Thursday, August 03, 2006

The anthrax letters

22 Examined by MR KNOX
23 MR KNOX: My Lord, the next witness is Mr Rufford.


3 Q. Did Dr Kelly ever communicate with you by e-mail?

A. Yes, he did.

Q. And roughly how frequently?

A. Perhaps once a month.

Q. Since when?

A. I think that in all he probably sent me about 20 e-mails, between the periods of 1998 and 2002.

Q. And would these be in reply to e-mails or questions you had asked or would they sometimes be unsolicited?

A. They were almost always in reply to questions which I had asked him, but occasionally they were about subjects which he knew I was interested in.

Q. What type of subjects would these e-mails be about?

A. Again usually about bio-weapons. He had some interest in the hunt in the United States for the person who had sent the letters containing anthrax. I believe he had been consulted about that by the Americans because he was an expert on that particular subject. And he occasionally sent me e-mails regarding that, but they would usually be a copy of an article that had appeared in the New York Times or the Washington Post, so it was information already in the public domain that he was simply drawing to my attention.



Blogger emptywheel said...


This is largely unrelated, but it's something I wanted to share with you here because I know you and luke will read it.

Nissar Hindawi was the father of Iraq's bioweapons program (he taught Dr. Germ). In 1998, Iran tried to get him to defect--actually we were trying at the same time, and as a result the Iraqis got tipped off and Hindawi got busted.

Hindawi is one of the Iraqis who got asylum with Ahmad Chalabi. Not the US, not the DIA, but Ahmad Chalabi. And since he got asylum, I've seen no sign of him. Of note, he doesn't appear to show up in the ISG report.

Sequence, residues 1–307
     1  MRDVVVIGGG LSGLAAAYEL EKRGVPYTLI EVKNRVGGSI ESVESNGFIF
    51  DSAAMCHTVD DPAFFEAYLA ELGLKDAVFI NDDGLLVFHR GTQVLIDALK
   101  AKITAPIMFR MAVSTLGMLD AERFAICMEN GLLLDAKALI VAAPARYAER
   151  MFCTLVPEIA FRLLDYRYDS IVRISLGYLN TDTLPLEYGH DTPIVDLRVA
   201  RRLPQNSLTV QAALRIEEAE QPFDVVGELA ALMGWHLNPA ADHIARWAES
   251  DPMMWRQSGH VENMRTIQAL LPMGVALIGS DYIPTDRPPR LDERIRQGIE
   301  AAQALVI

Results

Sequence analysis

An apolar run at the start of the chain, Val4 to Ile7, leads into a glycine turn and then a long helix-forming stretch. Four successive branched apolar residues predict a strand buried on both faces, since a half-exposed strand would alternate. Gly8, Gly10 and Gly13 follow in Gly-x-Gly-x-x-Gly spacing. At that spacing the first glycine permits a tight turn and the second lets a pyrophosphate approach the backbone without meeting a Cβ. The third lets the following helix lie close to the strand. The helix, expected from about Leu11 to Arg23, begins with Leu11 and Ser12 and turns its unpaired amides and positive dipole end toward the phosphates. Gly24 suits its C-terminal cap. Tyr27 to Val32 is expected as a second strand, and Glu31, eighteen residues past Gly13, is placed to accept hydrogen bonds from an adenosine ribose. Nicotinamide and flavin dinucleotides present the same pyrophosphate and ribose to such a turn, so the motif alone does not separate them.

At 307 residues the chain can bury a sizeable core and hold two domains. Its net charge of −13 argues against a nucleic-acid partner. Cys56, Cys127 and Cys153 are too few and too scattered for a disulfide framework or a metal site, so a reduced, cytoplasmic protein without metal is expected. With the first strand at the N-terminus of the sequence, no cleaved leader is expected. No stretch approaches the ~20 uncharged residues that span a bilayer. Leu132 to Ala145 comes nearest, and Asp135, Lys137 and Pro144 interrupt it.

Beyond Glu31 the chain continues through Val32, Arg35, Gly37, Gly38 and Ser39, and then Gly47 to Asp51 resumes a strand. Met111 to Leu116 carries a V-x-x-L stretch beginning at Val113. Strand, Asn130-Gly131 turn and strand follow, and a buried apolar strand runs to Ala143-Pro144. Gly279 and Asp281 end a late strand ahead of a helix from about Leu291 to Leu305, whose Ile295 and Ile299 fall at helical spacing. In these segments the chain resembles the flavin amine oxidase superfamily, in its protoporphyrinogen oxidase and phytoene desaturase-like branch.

I guess I ought to pull this together as a blog post (Taylor Marsh has shown some interest as well). But I wanted to float it here to see your take on it.

3:08 PM  
Blogger Simon said...

Emptywheel (also posted at your place),

Hindawi does get plenty of mentions in the ISG final report. He was, according to Joby Warrick (or possibly Walter Pincus) of the Washington Post, US trained. Supposedly it was him who first suggested use of disease agents in the Iran/Iraq war. He was not exactly the 'father' of the BW programmes, as a microbiologist he was later just an advisor to Taha Rihab. He had denied that there were US/UK trained virologists working in Iraq and supplied information to suggest Hussein Kamal had intended to restart the BW effort after the sanctions had been lifted. He also supplied details of conversations he claimed to have had with Amir al-Saadi. My guess is that he might even have been a US plant from the very beginning. I'm sure Amir would be happy to tell us the truth about him if they would let him. I personally rank Nassir Hindawi alongside Khidhir Hamza, rather than the seemingly far more honest Imad Khadduri.

3:36 AM  

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